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Spider Veins, known medically as telangiectasias, are dilated skin capillaries which develop in most individuals as an inherited tendency, but are also a part of the aging process. Pregnancy, hormones, mechanical trauma, and long periods of standing or sitting contribute to this problem. While they may be red or blue, most people have both types. The Sclerotherapy technique consists of instilling a solution into these tiny capillaries using very small needles. The solution irritates the lining of the capillaries, causing them to collapse. They then cease to carry blood. The body slowly replaces the vessels with invisible, harmless scar tissue.

Several injections may be needed for the specific area of telangiectasis. Pain during injection is usually minimal. Fading of the “spider veins” after each treatment is often a slow process, and a maximum improvement may require weeks to months. Sometimes, freckling or brown pigmentation may develop as the vein disappears. This pigmentation, which is iron (hemoglobin), from the dissolved blood, gradually fades, but a small amount may be permanent. The goal is to produce about 75–80% improvement. Many patients achieve almost complete resolution of these small capillaries after 2–4 treatments. Results of treatment vary considerably from person to person. Perfect results should not be expected in just 1 treatment.

Charges depend on the amount of time spent by the doctor and the amount of medication required. Actual injections are done only by a doctor. Appointments are required in advance. Be sure to specify that you need a Sclerotherapy appointment so that adequate time will be allotted. Payment is required at the time of the procedure.

Frequently Asked Questions

Why do these blood vessels exist?

No one is totally sure, but certain families, particularly the female relatives, can seem predisposed to them. Also, mechanical trauma, such as: falls, blows, and long periods of standing or sitting contribute to this problem. Pregnancy and hormones may also play a role.

Is there any way to prevent them?

Some authorities feel the use of the support hose is helpful, but does not prevent them entirely. Reducing your weight also seems to help. Exercise may also help, but there is some evidence that long distance running may accentuate the development in susceptible individuals, especially around the feet and ankles.

What are the side effects?

  • Itching, stinging, or pain may occur briefly at the injection site during injection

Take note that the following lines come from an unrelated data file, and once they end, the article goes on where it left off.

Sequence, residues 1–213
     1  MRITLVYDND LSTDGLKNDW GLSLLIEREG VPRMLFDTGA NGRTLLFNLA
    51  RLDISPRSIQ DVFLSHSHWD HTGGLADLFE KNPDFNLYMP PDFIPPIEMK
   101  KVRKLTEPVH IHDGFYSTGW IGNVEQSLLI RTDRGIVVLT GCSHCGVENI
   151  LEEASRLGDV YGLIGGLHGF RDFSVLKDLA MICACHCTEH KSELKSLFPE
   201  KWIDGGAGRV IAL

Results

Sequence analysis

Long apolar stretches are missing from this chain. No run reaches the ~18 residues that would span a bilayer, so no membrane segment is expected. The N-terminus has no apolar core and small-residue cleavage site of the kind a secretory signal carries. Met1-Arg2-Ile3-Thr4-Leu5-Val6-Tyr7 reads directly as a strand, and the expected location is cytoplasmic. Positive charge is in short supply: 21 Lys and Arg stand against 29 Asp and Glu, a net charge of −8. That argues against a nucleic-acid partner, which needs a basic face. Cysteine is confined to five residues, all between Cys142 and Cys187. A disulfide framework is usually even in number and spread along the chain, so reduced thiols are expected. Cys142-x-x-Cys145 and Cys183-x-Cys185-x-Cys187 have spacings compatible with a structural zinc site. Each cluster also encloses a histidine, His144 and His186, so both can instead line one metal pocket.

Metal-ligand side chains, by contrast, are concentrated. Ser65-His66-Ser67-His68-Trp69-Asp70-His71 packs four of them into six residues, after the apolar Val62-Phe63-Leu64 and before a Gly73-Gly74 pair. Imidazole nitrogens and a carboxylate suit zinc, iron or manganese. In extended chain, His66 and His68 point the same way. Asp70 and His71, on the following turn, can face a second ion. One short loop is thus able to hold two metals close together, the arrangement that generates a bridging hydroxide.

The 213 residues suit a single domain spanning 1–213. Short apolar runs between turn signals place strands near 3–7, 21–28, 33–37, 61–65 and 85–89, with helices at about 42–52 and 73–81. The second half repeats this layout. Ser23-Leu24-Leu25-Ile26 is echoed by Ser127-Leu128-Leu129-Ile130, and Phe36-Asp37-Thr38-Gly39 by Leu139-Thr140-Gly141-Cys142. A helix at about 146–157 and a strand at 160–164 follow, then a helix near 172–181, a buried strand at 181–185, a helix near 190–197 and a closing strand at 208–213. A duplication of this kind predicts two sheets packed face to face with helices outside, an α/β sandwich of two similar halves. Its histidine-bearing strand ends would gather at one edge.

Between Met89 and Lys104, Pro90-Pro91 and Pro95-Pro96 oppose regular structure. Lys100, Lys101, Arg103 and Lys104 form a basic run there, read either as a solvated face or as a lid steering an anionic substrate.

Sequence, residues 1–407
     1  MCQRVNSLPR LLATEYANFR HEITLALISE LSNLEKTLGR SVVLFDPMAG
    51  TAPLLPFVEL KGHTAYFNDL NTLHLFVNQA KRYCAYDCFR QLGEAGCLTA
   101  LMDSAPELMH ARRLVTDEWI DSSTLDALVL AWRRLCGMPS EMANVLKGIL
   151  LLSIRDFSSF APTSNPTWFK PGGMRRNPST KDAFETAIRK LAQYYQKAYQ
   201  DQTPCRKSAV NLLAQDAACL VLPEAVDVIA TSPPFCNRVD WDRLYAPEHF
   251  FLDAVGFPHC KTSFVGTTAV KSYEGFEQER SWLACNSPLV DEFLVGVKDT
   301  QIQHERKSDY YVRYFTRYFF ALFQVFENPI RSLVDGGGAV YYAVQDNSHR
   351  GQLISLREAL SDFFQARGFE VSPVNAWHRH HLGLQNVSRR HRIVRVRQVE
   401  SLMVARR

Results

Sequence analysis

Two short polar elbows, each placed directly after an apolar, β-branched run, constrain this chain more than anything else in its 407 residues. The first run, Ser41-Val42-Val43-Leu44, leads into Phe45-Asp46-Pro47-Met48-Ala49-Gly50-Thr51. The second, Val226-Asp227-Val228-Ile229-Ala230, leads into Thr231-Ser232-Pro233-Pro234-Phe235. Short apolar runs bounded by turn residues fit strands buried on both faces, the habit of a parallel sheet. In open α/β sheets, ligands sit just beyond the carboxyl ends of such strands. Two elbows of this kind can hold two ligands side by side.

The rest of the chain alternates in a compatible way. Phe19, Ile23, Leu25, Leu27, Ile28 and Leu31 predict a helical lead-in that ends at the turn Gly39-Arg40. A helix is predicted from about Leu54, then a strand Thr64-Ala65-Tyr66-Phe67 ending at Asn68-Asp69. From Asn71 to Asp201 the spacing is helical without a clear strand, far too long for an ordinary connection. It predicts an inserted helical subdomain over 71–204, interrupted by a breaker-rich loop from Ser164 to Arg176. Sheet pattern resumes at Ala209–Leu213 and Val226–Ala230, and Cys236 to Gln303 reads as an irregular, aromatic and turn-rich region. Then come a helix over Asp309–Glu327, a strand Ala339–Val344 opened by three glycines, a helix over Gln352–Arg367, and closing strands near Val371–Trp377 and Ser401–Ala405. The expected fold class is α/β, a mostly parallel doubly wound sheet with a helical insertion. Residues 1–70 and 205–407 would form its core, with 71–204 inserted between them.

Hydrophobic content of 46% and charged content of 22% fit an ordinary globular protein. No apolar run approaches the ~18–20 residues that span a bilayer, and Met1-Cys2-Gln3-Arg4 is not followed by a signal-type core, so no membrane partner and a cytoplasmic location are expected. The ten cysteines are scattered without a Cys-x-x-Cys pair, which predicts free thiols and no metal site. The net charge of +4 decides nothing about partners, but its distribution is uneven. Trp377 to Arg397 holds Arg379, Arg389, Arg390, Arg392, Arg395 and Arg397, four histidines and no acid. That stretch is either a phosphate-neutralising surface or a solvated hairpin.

• Muscle cramps may occur during injection and usually subside in 10–15 minutes.
  • Hives may result at injection sites and usually resolve in 1 day.
  • Occasionally, when the vessels are very weak, bruising can result and can last anywhere from 2 weeks to several years. Telangiectatic matting results when tiny new vessels form at sites of injection. This can look like a red ‘slapped’ area, or like a bruise.
  • Blisters may occur when a small amount of solution seeps into the skin. They usually heal quickly, but occasionally pigmentation can persist indefinitely. This pigmentation can usually be easily treated.
  • Rarely, a clot may develop at the injection site. These small clots do not cause any internal problems, because the veins treated are superficial, not deep in the leg muscles. Removal within 2 weeks of the injection will speed up the healing process.
  • Swelling is unusual but in rare cases can be severe. It is particularly common when patients have jobs that require standing for long periods of time, which causes vessels in the ankles and lower legs to be involved. The swelling is not dangerous, but occasionally must be treated with elevation and compression dressings.
  • Superficial thrombophlebitis is an irritation of the vessels closest to the skin. It sometimes must be treated with an anti-inflammatory and bed rest. This probably occurs in less than 1 case per every 1000 cases.
  • Scarring has been a very rare occurrence but ulceration at an injection site can occur with resulting scarring.

How soon will the vessels disappear?

Usually, the vessels disappear over a period of 2 weeks–2 months. Recurrences can take place over a period of 1–5 years. This treatment DOES NOT prevent new telangiectasia from developing.